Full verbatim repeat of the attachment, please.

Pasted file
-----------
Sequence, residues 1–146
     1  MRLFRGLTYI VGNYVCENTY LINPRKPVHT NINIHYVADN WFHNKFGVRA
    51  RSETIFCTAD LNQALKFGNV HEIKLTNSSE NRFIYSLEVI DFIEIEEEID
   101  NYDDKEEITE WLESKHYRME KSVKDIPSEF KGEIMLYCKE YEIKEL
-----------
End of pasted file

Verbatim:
Sequence, residues 1–146
     1  MRLFRGLTYI VGNYVCENTY LINPRKPVHT NINIHYVADN WFHNKFGVRA
    51  RSETIFCTAD LNQALKFGNV HEIKLTNSSE NRFIYSLEVI DFIEIEEEID
   101  NYDDKEEITE WLESKHYRME KSVKDIPSEF KGEIMLYCKE YEIKEL